Sunday, November 27, 2011

Looking To The Future

The trade mag had a LOT to interest me this week, much of it needing thought. The temptation is to buy food to 'hoard' if the future looks bleak, but we must always remember this is not really sensible. Just buy enough to keep us going for (say) at least 3 months. Certainly all 'dry goods' have at least a year's shelf life, but most of us would not use it all within that time once our shelves are loaded.

We MUST never be tempted to believe we need so many different foods/ingredients that are in the stores today. We really don't, and I know I keep saying this - but wartime rations were so sparse that it seems unbelievable today that anyone could exist on them at all. But people did. AND remained healthy. We don't need as much food to eat as we think we do. A 'balanced' meal works as well now as it did again today.

So - we now have to consider the food budget. OF COURSE it makes sense to buy foods when on offer (especially those with a long shelf life) and keep them in store. At the moment this may be the only way we can keep any future wolves from the door. We should try to ignore all the 'new' varieties that keep being introduced by the manufacturers, and instead stick to basic ingredients and make as much ourselves as we can. This way our money will go much further and any rising prices should be able to be handled without us needing more to pay for it.

Meat prices are rising, and apparently there is a lot of 'rustling' going on. Door-to-door salesmen are peddling boxes of black-market meat to householders (and suppliers) so beware!
More than 60,000 sheep had been stolen by the end of October - two and a half times more than last year, also a rise in cattle, pig and game thefts.
This is because of the increase in the price of meat sold over the counter. Last week the kilo price of lamb was 59% more than in 2008. With "the price of everything going up horrifically, people are losing their jobs and turning to any which way to make money and others in the trade are willing to cut corners and break the law to keep themselves afloat".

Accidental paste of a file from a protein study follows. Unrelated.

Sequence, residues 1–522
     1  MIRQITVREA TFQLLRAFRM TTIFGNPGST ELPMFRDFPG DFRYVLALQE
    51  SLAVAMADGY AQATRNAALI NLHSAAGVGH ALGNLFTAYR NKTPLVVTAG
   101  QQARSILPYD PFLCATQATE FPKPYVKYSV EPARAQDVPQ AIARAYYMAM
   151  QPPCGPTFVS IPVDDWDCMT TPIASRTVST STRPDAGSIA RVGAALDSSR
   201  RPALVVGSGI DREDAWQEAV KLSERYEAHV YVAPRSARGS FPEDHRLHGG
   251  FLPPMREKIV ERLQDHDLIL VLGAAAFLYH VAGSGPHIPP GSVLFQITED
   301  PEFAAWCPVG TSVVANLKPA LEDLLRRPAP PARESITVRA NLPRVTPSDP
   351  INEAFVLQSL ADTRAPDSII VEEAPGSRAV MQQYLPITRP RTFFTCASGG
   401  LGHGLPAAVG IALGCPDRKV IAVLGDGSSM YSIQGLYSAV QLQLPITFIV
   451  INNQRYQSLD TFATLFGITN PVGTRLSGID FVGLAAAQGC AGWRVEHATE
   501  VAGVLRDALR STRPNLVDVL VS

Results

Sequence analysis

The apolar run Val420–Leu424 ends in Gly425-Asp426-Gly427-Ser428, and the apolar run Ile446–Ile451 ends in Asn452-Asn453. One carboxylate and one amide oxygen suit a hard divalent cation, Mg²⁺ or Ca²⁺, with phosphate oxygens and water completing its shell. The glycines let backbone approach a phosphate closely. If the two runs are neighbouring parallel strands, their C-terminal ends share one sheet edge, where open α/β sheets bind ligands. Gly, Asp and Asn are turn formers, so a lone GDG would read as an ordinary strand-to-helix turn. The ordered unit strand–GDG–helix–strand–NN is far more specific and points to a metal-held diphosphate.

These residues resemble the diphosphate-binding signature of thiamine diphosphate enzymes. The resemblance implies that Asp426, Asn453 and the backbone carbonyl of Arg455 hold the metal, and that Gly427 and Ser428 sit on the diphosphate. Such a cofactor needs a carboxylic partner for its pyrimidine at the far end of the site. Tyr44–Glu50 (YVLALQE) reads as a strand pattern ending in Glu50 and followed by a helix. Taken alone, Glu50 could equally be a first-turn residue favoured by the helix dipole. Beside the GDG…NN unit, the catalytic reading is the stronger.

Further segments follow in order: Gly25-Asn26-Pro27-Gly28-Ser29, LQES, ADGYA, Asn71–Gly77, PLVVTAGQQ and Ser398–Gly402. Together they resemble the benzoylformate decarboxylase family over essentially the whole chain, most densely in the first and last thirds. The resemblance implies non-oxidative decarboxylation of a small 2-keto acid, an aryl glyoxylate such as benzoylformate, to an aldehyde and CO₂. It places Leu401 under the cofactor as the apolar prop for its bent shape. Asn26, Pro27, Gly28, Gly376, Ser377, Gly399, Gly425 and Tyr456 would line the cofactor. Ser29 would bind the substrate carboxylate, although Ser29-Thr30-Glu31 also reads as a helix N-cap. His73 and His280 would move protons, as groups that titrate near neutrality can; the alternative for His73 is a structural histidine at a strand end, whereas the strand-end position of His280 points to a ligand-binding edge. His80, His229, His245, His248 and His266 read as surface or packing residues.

An interesting article re Heston Blumenthals Christmas Puds. Apparently so popular that last year that they attracted bids up to £250 on eBay when Waitrose supply ran out and the shelves were empty. This year the supermarket promised more stock, and already some customers who managed to buy one have put the puddings up on eBay for sale. Last Thursday prices varied from 99p to £200!.
Almost reminds me (again) of wartime when foods were sale on the Black Market for incredibly high prices.

One sobering headline: "Experts warn of new year price increases". Followed by "Food prices are likely to increase more in 2012 than they did this year, despite signs commodity prices have peaked, according to new research....Commodity prices may be coming off their peak, but the delay in rises being passed on means, for many consumers, the worst could still be to come".
"Suppliers had been resisting price increases due to pressure from big retailers....but now higher commodity prices were finally being passed on to retailers, consumers would be likely to start feeling the brunt once Christmas was out of the way".
Sensibly of course "with only a month to go until Christmas, retailers are unlikely to increase prices straight away, but in the new year, many will have to relieve the pressure". So - whilst the stores are desperate for our custom in the run-up to Christmas and practically giving some products away (or at least at half price or 'buy one get two free', then perhaps it would be wise to take this short-term advantage. But only purchasing foods we would normally buy and that have a long shelf-life.

On the other hand the above is only supposition. Maybe some stores will decide to cut their usual enormous profits so that we can still purchase foods at the prices we can afford. Any store that did this would soon gather customers from all the other stores who decide to up their prices. Could be that even bigger 'store wars' will soon be on the horizon.

In another feature this jumped out at me: "Grocery retailers and food and drink suppliers may have avoided the worst of the economic crisis until now, but financial experts are widely predicting turbulent times ahead in the UK." Remember this is a trade mag and the ones most likely to have the vapours when reading this are the stores, not their customers (for they will do anything in their power to keep them, so at least this can work for us).

A brief note at the foot of one column says "TV Chef James Martin has launched Fork and Spoon, an online delivery service bringing 'restaurant quality meals and dishes' to shoppers." Well, it might be of interest to some.

Potato crisps are something I remember from my childhood. At one time it seemed to be only Smith's Crisps that had a little blue bag of salt also in the packet. Their factory was on the outskirts of Great Yarmouth and it was always a pleasure when on holiday to sniff the scent of the crisps in the air as we drove past the buildings.